Deer Rut Season
Deer rut season (the mating period for deer) is now in full swing causing lustful bucks to chase skittish does at every chance available. They have only one thing on their minds- and it isn’t looking both ways before they cross the streets and wooded highways.
Word to the Wise
For those of you that are new to The Sea Ranch, this means that the doe will be running away from the bucks without any sense as to where they are going. Unfortunately, Deer rut season often causes some serious bloodshed caused by animal-car collisions.
For that reason, we want to caution all of you driving to be ever watchful, scanning not only the road ahead but also from side to side while driving. This is especially important when driving Highway One to Sea Ranch, or even the roads throughout The Sea Ranch.
According to California Highway Patrol Captain, Adam Jager, “The best way to avoid this type of collision is to always maintain a safe speed and stay vigilant of deer that may have entered the roadway. Driving distracted or under the influence greatly increases your chances of being involved in a car versus deer collision.”
What the Data Show
Statistics published by State Farm Insurance show the odds are not in the favor of drivers. In fact, State Farm® estimates that October, November, and December. U.S. drivers on average have a 1 in 116 chance of a collision with an animal. In fact, there were over 1.9 million animal collision insurance claims in the U.S. between July 1, 2019, and June 30, 2020. These crashes were costly for drivers, with a national cost per claim average of $4,179. That likelihood in California more than doubles during October, November, and December, when deer collisions are most prevalent during deer rut season.
Deer and Driver Collisions in Sea Ranch
Sadly, drivers have frequently reported evidence of gruesome collisions all along the roads in The Sea Ranch. Drivers need extra diligence in watching for deer distracted in areas known to have high deer populations. The Sea Ranch Chapel meadows through the length of The Sea Ranch Golf Links makes up one of the most ominous stretches of road in The Sea Ranch.
Other areas to be vigilant of are where roads that divide agricultural fields or streams from forestland. They are particularly dangerous. Be especially watchful during the mid-fall movement periods when deer seek new food sources and shelter as crops are harvested and leaves fall from trees and shrubs.
Tips to Avoiding Deer Collisions
We have gathered a few tips to make sure you stay safe when on the roads during deer rut season.
Stay alert. Pay attention to “deer crossing” and other signs and be cautious in areas near woods or water.
Use high beams. Flicking your high beams on a deer in the road may cause the animal to scurry away. High beams also help illuminate dark roads.
Don’t veer for the deer! If an animal-car crash is inevitable, maintain control of your vehicle. If a deer is in the driver’s lane, brake firmly but stay in the lane, the most serious of crashes occur when drivers swerve. Don’t swerve or veer off the road.
Brake as necessary. If you can avoid hitting the animal, reduce your speed, honk your horn and tap your brakes to warn other drivers. If there are no drivers behind you, brake hard.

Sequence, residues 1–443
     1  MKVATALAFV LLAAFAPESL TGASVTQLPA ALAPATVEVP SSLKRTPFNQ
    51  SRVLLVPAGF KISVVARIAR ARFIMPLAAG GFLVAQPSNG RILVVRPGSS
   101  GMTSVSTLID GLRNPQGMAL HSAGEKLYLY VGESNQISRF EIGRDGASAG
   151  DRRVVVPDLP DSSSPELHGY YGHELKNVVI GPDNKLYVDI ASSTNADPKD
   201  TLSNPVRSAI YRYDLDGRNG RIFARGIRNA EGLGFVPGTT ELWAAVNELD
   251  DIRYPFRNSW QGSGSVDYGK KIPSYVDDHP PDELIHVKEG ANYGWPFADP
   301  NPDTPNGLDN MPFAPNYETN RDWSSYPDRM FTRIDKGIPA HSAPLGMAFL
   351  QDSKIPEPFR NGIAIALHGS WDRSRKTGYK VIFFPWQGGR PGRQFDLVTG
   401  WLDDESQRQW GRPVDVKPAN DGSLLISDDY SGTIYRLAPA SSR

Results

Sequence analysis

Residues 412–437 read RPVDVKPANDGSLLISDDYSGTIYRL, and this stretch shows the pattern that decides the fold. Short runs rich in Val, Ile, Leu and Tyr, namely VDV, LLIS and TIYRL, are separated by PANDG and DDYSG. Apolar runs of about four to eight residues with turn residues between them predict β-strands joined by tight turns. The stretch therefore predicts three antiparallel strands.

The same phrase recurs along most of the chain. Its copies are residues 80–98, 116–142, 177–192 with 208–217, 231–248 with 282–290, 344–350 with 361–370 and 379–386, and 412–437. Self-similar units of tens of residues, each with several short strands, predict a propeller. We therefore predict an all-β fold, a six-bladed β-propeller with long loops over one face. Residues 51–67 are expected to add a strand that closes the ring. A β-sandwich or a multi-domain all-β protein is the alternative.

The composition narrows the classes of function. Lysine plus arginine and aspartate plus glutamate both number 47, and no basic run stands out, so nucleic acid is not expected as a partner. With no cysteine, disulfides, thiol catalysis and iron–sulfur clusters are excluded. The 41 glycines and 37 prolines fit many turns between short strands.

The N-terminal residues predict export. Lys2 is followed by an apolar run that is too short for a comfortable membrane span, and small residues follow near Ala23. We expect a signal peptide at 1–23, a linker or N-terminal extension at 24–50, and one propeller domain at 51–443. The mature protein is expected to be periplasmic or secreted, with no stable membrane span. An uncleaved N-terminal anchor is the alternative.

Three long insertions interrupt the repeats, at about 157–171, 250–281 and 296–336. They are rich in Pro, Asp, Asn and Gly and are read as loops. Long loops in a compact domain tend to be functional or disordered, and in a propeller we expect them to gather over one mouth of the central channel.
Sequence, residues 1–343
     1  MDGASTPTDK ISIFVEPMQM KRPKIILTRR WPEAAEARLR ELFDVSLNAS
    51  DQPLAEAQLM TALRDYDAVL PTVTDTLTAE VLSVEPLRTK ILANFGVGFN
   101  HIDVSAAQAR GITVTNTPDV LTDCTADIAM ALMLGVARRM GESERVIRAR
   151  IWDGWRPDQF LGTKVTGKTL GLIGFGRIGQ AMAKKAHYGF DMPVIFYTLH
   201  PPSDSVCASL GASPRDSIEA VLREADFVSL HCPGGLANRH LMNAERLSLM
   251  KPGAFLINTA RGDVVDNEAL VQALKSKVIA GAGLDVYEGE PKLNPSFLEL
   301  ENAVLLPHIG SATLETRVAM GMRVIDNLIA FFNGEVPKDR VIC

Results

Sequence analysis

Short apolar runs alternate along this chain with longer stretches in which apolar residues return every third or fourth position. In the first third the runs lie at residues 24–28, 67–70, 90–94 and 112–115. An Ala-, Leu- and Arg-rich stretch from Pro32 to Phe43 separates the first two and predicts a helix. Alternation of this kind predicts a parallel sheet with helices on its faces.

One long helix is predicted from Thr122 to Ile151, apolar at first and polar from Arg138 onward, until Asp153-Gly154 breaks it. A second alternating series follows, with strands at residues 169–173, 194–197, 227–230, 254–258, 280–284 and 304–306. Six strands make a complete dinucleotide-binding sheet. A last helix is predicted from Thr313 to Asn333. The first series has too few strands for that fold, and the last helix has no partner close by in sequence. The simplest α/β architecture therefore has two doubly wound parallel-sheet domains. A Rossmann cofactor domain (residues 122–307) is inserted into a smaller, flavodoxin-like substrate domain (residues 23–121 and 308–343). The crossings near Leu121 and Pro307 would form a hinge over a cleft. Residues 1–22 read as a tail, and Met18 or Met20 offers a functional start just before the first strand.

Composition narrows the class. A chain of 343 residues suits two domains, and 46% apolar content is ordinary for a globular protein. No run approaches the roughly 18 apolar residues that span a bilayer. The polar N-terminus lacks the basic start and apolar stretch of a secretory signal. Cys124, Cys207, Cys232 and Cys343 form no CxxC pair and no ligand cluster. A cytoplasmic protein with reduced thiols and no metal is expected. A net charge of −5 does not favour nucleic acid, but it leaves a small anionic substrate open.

Remember peak season. Deer crashes happen most during October through December, which is hunting and mating season. Collisions are most likely to happen in West Virginia, Montana, Pennsylvania, and South Dakota. However, Hawaii (1-in-649), Nevada (1-in-551), and California (1-in-427) are the states where drivers have the least chance of an animal collision. But given our rural and forested location along the Sonoma Coast, those odds increase greatly!
Remember meal time. Watch for animals in the road between dusk and dawn.
Watch for herds. If you see one deer, there are probably more nearby.
Don’t rely on a whistle. No scientific evidence supports that car-mounted deer whistles work.
Wear seat belts. Always obey speed limits and wear seat belts.
Finally, if a deer is hit and is blocking the highway, call 9-1-1.
And Don’t Forget These Deer Facts:
- They are on all roads
- Deer are unpredictable
- They often move in groups
- Movement of deer is most prevalent in the fall
- The hours between dusk and dawn are high-risk times.
What to do When You Collide with a Deer
So if an auto-deer collision occurs State Farm offers these six steps to take:
- Move your vehicle to a safe place. If possible, pull over to the side of the road, and turn on your hazard lights. If you must leave your vehicle, stay off the road and out of the way of any oncoming vehicles. Deer are most active at dusk and dawn—times when you or your vehicle may be less visible to other motorists.
- Call the police. Alert authorities if the deer is blocking traffic and creating a threat for other drivers. If the collision results in injury or property damage, you may need to fill out an official report. This report also can prove useful when filing your insurance claim.
- Document the incident. If it’s safe to do so, take photographs of the roadway, your surroundings, damage to your vehicle, and any injuries you or your passengers sustained. If witnesses stop, take down their account of what occurred, and ask for their contact information.
- Stay away from the animal. A frightened, wounded deer could use its powerful legs and sharp hooves to harm you.
- Contact your insurance agent. The sooner you report damage or injuries, the sooner your agent can file and process your claim.
- Don’t assume your vehicle is safe to drive. Double-check that your car is drivable after colliding with a deer. Look for leaking fluid, loose parts, tire damage, broken lights, a hood that won’t latch, and other safety hazards. If your vehicle seems unsafe in any way, call for a tow.